"Losing My Religion", released 25 years ago this very moonth, came about quite incidentally. Guitarist Peter Buck had just bought a mandolin and tried to learn how to play it on his own while recording the session. He came up with the main riff and chorus line along the way and that was it. The lyrics are not about succumbing to atheism. It has nothing to do with religion at all although the songs video suggests otherwise. The title is a phrase used in the southern states of the United States to express that one is obsessed with another person. According to Songfacts.com Michael Stipe told Rolling Stone magazine: "I wanted to write a classic obsession song. So I did." In addition to calling it a song about "obsession," Stipe has also referred to it as a song about "unrequited love" in which all actions and words of the object of your obsession are scrubbed for hidden meaning and hopeful signs.

Oh life, it's bigger
It's bigger than you
And you are not me
The lengths that I will go to
The distance in your eyes
Oh no, I've said too much
I set it up

That's me in the corner
That's me in the spotlight
Losing my religion
Trying to keep up with you
And I don't know if I can do it
Oh no, I've said too much
I haven't said enough

I thought that I heard you laughing
I thought that I heard you sing
I think I thought I saw you try

Every whisper
Of every waking hour
I'm choosing my confessions
Trying to keep an eye on you
Like a hurt, lost and blinded fool, fool
Oh no, I've said too much
I set it up

Consider this
Consider this, the hint of the century
Consider this, the slip
That brought me to my knees, failed
What if all these fantasies come
Flailing around
Now I've said too much

I thought that I heard you laughing
I thought that I heard you sing
I think I thought I saw you try

But that was just a dream
That was just a dream

That's me in the corner
That's me in the spotlight
Losing my religion
Trying to keep up with you
And I don't know if I can do it
Oh no, I've said too much
I haven't said enough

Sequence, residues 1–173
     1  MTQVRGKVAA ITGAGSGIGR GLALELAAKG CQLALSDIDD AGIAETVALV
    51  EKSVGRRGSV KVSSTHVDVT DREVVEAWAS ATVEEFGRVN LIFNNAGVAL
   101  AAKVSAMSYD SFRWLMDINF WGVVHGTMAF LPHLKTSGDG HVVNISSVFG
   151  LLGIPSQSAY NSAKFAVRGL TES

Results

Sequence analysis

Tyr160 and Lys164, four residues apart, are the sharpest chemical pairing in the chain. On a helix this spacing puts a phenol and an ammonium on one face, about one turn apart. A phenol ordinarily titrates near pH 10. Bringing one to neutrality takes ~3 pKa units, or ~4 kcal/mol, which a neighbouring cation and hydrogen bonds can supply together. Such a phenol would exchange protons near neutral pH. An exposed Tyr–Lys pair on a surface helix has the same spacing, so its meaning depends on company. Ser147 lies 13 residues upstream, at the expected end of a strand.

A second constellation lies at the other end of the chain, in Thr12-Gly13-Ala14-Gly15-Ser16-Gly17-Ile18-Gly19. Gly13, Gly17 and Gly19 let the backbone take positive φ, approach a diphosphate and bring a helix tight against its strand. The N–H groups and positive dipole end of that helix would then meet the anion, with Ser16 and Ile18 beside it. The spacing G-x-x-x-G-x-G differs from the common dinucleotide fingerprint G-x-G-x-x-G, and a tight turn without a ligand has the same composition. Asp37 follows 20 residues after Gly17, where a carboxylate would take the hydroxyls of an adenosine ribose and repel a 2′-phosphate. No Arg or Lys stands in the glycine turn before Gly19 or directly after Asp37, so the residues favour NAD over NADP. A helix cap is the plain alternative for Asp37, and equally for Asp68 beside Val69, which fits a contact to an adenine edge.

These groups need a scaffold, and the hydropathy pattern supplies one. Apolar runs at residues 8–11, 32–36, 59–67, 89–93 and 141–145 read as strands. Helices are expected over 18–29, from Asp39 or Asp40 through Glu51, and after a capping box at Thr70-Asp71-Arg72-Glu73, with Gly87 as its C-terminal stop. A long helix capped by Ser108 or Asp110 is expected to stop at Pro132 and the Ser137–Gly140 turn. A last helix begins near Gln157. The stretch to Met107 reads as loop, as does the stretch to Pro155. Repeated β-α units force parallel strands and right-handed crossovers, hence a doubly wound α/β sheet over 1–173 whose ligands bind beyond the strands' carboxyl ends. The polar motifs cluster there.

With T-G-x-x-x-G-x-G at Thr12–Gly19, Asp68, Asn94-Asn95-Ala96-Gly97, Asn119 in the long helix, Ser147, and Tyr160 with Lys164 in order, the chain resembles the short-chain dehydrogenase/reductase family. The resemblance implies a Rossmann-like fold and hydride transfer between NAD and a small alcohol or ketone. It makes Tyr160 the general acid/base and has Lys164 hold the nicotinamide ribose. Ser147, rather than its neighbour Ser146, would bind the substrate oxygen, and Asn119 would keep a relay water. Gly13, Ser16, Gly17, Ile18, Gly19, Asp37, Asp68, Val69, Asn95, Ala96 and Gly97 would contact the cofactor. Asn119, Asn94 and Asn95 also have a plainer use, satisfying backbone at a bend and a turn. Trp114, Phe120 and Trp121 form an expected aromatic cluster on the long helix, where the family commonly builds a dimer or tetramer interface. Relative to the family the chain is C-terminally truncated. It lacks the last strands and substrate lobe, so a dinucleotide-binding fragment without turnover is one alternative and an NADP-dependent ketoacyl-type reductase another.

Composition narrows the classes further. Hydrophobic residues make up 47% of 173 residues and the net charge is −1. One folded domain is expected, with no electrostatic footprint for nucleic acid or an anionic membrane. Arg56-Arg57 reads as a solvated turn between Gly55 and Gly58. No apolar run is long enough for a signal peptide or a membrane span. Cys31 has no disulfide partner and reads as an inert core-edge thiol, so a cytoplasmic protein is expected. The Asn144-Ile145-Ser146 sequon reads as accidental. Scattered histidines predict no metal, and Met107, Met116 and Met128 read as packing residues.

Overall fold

I thought that I heard you laughing
I thought that I heard you sing
I think I thought I saw you try

But that was just a dream
Try, cry, why try
That was just a dream
Just a dream
Just a dream, dream

With many of the popular bands and artists from the 1970s onwards I tend to get tired of their greatest hits and prefer what we used to call (and some of us still do) their album tracks. With R.E.M. it's quite the opposite. I think some of their most well-known hit singles are great, and that's about it. Hearing" Losing My Religion" by chance on AOR radio or in a shop or something is always a treat and puts me in a better mood. It might be the mandolin, there are not many massive mandolin hits about. And the mandolin interplay with the guitar, and the dynamic bass and strings, the melody, the lot...

And the flip side of the single "Rotary Eleven" ain't half bad either. A retro instrumental with tremolo guitar and vintage organ that wouldn't have been out of place in one of the black and white films by Jim Jarmusch.

The single paved the way for a much bigger audience for R.E.M. Bassist Mike Mills later stated that without "Losing My Religion", Out of Time, the album where it is taken from, would have sold two or three million copies. Instead it sold about ten millions. Once well into the 1990s some of the straight boys at my work was very excited. They were going to an arena concert in the afternoon and the band playing was R.E.M. It made me think. This was not a connoisseur band for the few any more. "Losing My Religion" had changed that.

Copyright © 2016 JP e-mail address

You may also want to check out our R.E.M. articles/reviews: Bad Day EP, Collapse Into Now, Roncalliplatz, Cologne, Germany, 12.05.01.